The rolling hills and picturesque villages of the glorious Sussex countryside inspired ‘Jerusalem’, William Blake’s ode to England, and Ditchling is the perfect place from which to explore. Why not start with a gentle stroll from Court Garden Vineyard to Ditchling, taking in the 18th-century Oldland Mill, the oldest working windmill in Sussex. Along the way you can enjoy stunning panoramic views across the Downs and wander through ancient meadows and grasslands, alive with wildflowers, butterflies, and the hum of grasshoppers.

Fancy getting back to nature for a little longer? Use our handy guide to the public walking trails that connect our partner vineyards and breweries and make the most of your day in this green and pleasant land.



Nestled against the rolling green hills of the South Downs, complete with Tudor manor, medieval inn, ancient church and even a duck pond on the green, Ditchling is the picture-postcard English village.

Ditchling has been part of Sussex history for more than a thousand years, with the earliest mentions dating back to AD 765. Over the centuries the ancient manor was owned by Anglo-Saxon Kings, Alfred the Great and Edward the Confessor. After the Norman Conquest, Ditchling was granted to William de Warenne, who fought alongside William the Conqueror at the Battle of Hastings in 1066. The Doomsday Book records the village as having a church, a mill and around 195 households, making Ditchling one largest manors in Sussex.

Fast forward 800 years to the early 20th century, when Ditchling became a haven for artists and craftspeople, among them the painter, illustrator and designer Frank Brangwyn, and sculptor, printmaker and letter cutter Eric Gill. In 1921, Gill founded the Guild of St Joseph and St Dominic, a community of artists and craftsmen, including stone carvers, ceramicists, silversmiths, and weavers. The Guild was part of the wider Arts and Crafts movement of the period, and although disbanded in 1989, its legacy lives on in the Ditchling Museum of Art + Craft.

Today, Ditchling sits at the heart of English wine country, surrounded by the highest concentration of award-winning vineyards in the UK.




On a sandy knoll overlooking the village green stands the Church of St Margaret of Antioch. While most of the present building dates from the late 12th century, traces of the earlier Saxon church survive in the nave. Like many buildings in Sussex, local flint was used to face the exterior of St Margaret’s. More unusual is the use of another common but less popular local material, chalk, which was used for some of the 13th-century carved decoration inside. St Margaret’s also boasts evidence of Ditchling’s more recent artistic past. During your visit, look out for the work of Charles Knight, Joseph Cribb and John Denman, all leading members of the community of artists and craftspeople who lived in and around the Ditchling in the early 20th century.


Opposite the church stands Wings Place, known for centuries as Ditchling Garden Manor. In 1540, this quintessential Tudor, timber-framed manor house was given by Henry VIII to his fourth wife, Anne of Cleves, as part of the divorce settlement following their disastrous and short-lived marriage. Contrary to local legend, Anne is not thought ever to have lived there, but you might still hear Wings Place referred to as ‘Anne of Cleves House’. Later visitors to the house reportedly included British Prime Minster, William Pitt the Younger and hero of the Battle of Waterloo, the Duke of Wellington.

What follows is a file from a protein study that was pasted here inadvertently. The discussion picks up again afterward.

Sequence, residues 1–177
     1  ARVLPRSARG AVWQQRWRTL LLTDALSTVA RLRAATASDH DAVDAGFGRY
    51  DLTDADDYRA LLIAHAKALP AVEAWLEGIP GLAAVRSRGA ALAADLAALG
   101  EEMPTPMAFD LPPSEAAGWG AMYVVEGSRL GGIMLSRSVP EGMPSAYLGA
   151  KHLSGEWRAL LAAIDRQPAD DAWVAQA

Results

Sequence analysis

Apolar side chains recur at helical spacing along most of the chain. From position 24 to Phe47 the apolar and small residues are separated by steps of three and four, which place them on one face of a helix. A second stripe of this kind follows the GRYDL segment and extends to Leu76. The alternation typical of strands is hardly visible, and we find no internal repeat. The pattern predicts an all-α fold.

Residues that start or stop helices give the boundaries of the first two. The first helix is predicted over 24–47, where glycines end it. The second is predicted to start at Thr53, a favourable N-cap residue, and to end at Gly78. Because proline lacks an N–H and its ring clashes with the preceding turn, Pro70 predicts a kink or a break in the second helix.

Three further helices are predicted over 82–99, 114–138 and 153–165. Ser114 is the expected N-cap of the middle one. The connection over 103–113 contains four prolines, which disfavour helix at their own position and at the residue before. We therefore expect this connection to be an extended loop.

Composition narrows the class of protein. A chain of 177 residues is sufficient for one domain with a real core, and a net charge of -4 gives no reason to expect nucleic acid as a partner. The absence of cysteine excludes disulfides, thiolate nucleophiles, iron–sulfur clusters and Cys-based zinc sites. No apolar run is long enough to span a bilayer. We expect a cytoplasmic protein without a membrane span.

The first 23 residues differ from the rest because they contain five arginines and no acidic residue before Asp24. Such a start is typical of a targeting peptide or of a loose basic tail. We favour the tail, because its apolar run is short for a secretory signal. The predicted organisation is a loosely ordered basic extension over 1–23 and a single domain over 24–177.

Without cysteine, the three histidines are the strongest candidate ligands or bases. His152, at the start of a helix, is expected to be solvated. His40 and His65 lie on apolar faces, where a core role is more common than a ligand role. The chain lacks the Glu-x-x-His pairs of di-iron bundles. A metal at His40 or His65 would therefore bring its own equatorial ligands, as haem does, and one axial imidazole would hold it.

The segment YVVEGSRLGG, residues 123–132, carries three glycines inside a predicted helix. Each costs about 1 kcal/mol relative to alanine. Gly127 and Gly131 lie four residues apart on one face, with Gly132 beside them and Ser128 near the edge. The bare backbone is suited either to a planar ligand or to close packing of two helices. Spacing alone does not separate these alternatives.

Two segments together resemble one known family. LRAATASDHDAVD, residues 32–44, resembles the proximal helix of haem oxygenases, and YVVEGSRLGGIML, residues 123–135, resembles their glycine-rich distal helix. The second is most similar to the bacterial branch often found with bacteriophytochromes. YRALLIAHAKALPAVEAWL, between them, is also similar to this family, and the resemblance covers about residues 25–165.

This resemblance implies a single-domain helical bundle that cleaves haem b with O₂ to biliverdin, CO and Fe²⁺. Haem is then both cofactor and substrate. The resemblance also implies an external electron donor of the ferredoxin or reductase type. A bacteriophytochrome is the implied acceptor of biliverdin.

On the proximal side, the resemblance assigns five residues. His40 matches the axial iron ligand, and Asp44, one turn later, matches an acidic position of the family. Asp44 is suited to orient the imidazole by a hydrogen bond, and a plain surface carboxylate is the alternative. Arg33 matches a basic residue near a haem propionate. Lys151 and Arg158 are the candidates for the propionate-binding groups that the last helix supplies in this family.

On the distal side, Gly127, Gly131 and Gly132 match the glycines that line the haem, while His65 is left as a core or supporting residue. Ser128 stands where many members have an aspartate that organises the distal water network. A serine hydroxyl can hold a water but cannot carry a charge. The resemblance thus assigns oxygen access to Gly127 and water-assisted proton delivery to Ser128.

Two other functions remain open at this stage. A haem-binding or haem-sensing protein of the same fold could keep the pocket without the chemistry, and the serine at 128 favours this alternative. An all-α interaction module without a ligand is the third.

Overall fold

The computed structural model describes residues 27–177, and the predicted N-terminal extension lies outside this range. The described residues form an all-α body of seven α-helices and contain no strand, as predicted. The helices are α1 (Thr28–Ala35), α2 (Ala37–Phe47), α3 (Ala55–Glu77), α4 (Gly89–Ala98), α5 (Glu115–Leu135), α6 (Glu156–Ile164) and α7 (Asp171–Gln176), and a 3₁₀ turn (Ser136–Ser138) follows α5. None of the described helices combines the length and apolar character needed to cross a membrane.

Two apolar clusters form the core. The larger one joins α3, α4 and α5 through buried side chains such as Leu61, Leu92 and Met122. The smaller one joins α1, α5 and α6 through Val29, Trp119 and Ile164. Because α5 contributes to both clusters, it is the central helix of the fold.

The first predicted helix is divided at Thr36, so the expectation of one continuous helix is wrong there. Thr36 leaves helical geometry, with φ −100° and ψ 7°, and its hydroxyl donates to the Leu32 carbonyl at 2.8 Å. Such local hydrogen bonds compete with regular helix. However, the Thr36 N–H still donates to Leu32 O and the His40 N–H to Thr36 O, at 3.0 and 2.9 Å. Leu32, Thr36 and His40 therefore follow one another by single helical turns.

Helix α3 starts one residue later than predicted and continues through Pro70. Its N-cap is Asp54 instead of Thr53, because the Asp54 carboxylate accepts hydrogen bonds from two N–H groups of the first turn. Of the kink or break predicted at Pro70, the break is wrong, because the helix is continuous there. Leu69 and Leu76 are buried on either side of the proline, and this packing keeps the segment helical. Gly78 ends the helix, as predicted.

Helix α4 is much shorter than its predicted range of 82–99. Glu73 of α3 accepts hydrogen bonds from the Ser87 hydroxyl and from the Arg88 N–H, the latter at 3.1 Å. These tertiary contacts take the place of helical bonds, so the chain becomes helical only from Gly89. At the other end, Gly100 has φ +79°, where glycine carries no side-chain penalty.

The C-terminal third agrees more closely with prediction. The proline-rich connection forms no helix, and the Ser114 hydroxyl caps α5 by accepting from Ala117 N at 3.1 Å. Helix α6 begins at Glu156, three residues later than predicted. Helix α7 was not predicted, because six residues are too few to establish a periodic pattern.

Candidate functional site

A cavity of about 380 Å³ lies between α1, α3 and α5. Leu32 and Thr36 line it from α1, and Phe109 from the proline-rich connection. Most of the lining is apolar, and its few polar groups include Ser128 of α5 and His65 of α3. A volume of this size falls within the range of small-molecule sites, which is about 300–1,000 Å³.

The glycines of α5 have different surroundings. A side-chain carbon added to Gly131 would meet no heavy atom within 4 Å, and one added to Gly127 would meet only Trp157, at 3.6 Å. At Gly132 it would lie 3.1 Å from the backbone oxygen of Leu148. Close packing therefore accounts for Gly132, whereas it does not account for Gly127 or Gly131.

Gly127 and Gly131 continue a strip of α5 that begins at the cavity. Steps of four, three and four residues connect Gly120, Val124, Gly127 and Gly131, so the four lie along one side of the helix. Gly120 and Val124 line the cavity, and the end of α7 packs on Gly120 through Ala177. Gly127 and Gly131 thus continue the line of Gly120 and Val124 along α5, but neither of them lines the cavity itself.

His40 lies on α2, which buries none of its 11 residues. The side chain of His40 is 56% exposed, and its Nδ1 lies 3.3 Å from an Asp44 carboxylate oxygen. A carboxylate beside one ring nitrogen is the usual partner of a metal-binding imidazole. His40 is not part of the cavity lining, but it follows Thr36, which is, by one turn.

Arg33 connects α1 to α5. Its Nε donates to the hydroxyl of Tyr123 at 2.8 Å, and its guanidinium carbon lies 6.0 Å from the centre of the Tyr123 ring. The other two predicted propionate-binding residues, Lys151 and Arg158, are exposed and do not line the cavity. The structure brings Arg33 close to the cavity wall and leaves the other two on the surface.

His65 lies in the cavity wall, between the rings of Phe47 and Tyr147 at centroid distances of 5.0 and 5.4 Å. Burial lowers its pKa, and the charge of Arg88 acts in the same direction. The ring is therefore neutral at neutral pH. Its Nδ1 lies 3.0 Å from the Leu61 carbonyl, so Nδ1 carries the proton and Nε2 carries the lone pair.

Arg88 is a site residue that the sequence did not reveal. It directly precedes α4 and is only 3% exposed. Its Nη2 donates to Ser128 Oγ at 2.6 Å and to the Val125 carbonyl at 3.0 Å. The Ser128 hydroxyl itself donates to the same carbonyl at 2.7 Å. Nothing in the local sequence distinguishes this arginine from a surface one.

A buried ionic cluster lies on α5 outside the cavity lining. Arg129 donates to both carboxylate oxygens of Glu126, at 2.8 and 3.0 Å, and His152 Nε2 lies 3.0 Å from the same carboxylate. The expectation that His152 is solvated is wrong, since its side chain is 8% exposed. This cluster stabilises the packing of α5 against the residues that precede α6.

Wings Place is just one of Ditchling’s architectural gems. With more than 50 listed buildings, there’s something interesting around every corner, from the imposing timber-framed Tudor houses of the High Street to quaint 17th-century cottages, and red brick Georgian townhouses. Keep your eyes peeled as you stroll through the village and soak up the old-world charm.


Opened in 1985 in what was once the village school, this delightful museum is the legacy of the artistic community that sprang up in and around Ditchling in the early 20th century. Following a multi-million-pound renovation project in 2012, today Ditchling Museum of Art + Craft offers visitors a comprehensive account of the village’s artistic heritage. The Museum is home to a nationally important collection of artworks made by the artists and craftspeople who lived in the village, including controversial sculptor and typographer Eric Gill and Edward Johnston, designer of the London Underground font. Alongside a lively programme of changing temporary exhibitions, the Museum offers free family activities, a café overlooking the village green and well-stocked shop. An unmissable stop on the Sussex art trail!




This classic English tearoom offers up plenty of 1940’s charm, complete with waiting staff in traditional white cap and apron, and a room named in honour of forces sweetheart, Dame Vera Lynn, who for many years made Ditchling her home. The Nutmeg Tree is the perfect spot to fuel up for a walk or indulge in a good old fashioned English afternoon tea.

Ditchling is home to two historic pubs, both with bucket-loads of rustic charm…


Built in the early 12th century, the White Horse was a favoured resting point for travellers and smugglers alike. A labyrinth of interconnecting tunnels in the cellar suggest that the inn was a hub from which smuggled goods arriving from across the channel were distributed across the area. Today, the delightful walled garden at the White Horse is the perfect spot to enjoy an ice-cold local beer.


Dating back to the 16th-century, The Bull is everything a classic British pub should be. Low timber beams, open fires and well-kept beers make for a cosy retreat on chillier days, while in the summer months, why not enjoy a pint on the terrace or in the family-friendly garden, complete with stunning views across the Downs.